It feels perfectly natural that the strangest season in English football history, and what will surely be unlikeliest title, should have started with a dramatic surprise.
That is what awaited the Leicester City players when they began pre-season training without a manager in Bad Radkersburg, a town on the border between Austria and Slovenia in early July last year. The squad went expecting to be coached by assistants Craig Shakespeare and Steve Walsh.
Then, on the second morning, they were told to gather and wait to meet their new manager.
“We were all gathered in a room in Austria, and we didn’t know ourselves actually [who the new manager was],” remembers Jeffrey Schlupp, still less than 10 months on. “Then he walked through and it was ‘yeah, wow, it’s Claudio Ranieri!’ He is a big name and it was just excitement. For the cub to go out and get such a high calibre manager, it shows and proves where the club was going, and where the club is now. And he has proved himself.”
Ranieri has had a good career all over Europe and yet he looked at the start of the season like a manager who would never win a major title, almost 30 years after starting his career in the Italian lower leagues.
But when Ranieri arrived he told the Leicester players that they were better than they knew, and everything grew from there. “It has never been a secret what our target was, and it was to stay up,” Schlupp revealed. “He just filled us with confidence again. He said how well we had done in the last 10 games of last season, that he had watched a lot of our games. He said that we were better than where we were last season. The lads felt good about it from the first training session onwards, it was just good vibes.”
Those good vibes have taken Leicester all the way to the top of the league and now, on the brink of what would be the most remarkable achievement in modern club football. They have broken every barrier in front of them and now have just one left.
“The main target was to stay up,” Schlupp said. “That was secured a little while ago. Then it became to finish as high as possible. Then Europe became a reality. We crossed that line and then it became top three, to get in the Champions League group stages. And now it’s not a secret anymore. We are 90 minutes away.”
Something changed on Monday night when Mauricio Pochettino’s Tottenham Hotspur could only draw 1-1 at home with West Bromwich Albion. That put Leicester just one win away from the title, and the next morning before training Ranieri told the players to make their dream real.
“We have regular meetings in the week, and Claudio has always kept us focusing on ‘play to win every game’,” Schlupp said. “He has always said if you win every game you win the league. The media have been all over us, talking about the title race. In the last couple of weeks Claudio has said to take it seriously.”
So this Tuesday morning before training, Ranieri told the players that it was time to make history. “It wasn’t the first thing he said when he came in,” Schlupp said. “He did mention that it is now a reality, and how close we were. We had a meeting ready for the next game. He made a little speech before he did the analysis.”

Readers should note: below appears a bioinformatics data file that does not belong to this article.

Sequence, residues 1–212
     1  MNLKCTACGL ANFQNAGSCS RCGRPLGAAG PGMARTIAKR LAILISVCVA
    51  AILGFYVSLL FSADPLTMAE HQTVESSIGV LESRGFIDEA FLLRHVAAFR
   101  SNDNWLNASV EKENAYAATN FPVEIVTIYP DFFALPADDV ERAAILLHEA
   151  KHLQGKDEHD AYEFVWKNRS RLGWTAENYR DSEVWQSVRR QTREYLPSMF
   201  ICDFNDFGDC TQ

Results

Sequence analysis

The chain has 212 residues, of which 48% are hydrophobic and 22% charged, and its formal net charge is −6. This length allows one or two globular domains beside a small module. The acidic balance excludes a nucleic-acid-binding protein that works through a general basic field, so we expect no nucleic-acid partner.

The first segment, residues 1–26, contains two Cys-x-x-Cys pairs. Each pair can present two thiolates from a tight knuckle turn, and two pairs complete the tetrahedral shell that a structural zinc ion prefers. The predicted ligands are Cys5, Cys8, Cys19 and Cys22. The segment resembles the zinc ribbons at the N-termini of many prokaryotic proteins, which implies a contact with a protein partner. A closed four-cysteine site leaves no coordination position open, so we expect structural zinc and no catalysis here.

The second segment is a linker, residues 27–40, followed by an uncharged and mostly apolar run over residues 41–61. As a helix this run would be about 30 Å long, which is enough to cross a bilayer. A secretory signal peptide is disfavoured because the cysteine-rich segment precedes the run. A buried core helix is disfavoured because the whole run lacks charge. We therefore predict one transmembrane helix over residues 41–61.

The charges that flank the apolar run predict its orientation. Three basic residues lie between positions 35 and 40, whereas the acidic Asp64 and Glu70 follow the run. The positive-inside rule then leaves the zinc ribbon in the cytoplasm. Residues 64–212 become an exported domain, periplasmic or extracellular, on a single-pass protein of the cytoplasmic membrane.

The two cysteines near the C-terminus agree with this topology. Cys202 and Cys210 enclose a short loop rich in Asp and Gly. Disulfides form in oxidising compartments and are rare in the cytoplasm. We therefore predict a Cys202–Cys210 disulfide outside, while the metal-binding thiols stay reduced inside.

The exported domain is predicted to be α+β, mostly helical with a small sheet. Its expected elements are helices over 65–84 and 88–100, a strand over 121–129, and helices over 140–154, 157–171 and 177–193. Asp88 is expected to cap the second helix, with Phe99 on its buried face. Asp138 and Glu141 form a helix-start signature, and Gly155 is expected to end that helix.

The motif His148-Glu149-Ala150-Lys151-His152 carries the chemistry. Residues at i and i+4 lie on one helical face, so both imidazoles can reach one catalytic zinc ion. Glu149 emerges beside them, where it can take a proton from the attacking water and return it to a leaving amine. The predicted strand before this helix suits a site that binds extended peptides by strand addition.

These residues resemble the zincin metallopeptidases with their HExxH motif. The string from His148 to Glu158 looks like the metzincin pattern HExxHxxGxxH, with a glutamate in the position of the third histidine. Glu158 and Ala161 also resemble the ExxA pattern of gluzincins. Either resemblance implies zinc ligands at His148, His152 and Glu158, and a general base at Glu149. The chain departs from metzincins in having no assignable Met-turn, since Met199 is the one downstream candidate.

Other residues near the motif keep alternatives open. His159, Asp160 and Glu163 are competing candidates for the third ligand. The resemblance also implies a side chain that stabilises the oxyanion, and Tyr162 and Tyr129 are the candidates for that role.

Something this important cannot be burnished or improved, but it would be especially meaningful to Schlupp if he can be part of winning the title at Old Trafford on Sunday. It has not been an easy time for him recently. Last Saturday’s 4-0 defeat of Swansea City was his first start since November, as he was drafted in to provide much needed pace on the wing in the absence of the suspended Jamie Vardy. But he excelled and is desperate to be on the pitch at Manchester United, the club who took him on trial when he was a 20-year-old still trying to secure his spot at Leicester.
“It is a dream to win it there and get the trophy at home,” said Schlupp, who spent six weeks at United in early 2013. “It was supposed to be a week to start off with, they wanted to take a look at me. I trained with the under-21s and the first team. I met Sir Alex a couple of times, he was really nice to me and told me I was there because I was a good player, to enjoy it and see what happens.
“It was a great experience of course, training with players of that calibre. I am forever grateful for getting the opportunity to see what it is like at a top team, and I think it has moulded me into the player that I am today.”
Schlupp played two under-21 games for United, as many as he could play on trial, and when he returned to Nigel Pearson’s side he started to play regular Championship football, all the way up until Leicester were dramatically beaten by Watford in the play-off semi-finals in May 2013.
That was a disappointment but the following three years have been even more dramatic, as Leicester are now on the brink of producing not one but two football miracles in less than 12 months. This season has been a whirlwind but if there is one moment that stands out it is the team’s last trip to Manchester, when they beat City 3-1 in February.
“That one really showed everyone what level we are at,” Schlupp said. “The players who were involved in that game almost started to believe it, and that was the game for me, personally. We looked like a proper team. But even from then onwards the manager has kept us grounded, he hasn’t wanted us to get carried away.”
If Leicester can just repeat at Old Trafford what they did on the other side of Manchester then they will be allowed to get very carried away indeed.